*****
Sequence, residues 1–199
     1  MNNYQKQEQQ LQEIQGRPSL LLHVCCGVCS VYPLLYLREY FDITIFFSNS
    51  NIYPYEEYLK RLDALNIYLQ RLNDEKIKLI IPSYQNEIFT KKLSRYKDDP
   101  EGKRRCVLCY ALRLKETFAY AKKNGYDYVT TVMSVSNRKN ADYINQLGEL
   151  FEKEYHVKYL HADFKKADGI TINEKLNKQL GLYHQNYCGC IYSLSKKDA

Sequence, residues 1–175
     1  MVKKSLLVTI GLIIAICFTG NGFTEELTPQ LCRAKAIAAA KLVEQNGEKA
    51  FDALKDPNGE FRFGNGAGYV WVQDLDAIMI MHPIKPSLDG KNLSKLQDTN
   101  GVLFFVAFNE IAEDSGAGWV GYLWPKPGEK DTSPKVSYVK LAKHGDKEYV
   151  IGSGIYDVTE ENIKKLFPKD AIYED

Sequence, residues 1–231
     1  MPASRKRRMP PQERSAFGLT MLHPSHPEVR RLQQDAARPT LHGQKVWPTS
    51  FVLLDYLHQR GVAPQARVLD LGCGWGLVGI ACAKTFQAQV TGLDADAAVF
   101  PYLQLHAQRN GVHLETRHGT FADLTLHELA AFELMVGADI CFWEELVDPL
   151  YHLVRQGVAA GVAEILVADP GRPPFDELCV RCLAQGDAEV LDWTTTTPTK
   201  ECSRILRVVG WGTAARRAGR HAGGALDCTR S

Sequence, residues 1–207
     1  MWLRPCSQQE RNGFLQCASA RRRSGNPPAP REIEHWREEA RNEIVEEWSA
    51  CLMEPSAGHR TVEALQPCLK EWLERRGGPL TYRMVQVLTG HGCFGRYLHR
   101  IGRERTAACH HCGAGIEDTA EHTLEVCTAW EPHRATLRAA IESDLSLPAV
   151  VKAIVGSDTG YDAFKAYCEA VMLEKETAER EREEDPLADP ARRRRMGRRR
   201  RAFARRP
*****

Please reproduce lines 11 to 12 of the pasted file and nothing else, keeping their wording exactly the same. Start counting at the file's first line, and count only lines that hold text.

Sequence, residues 1–231
     1  MPASRKRRMP PQERSAFGLT MLHPSHPEVR RLQQDAARPT LHGQKVWPTS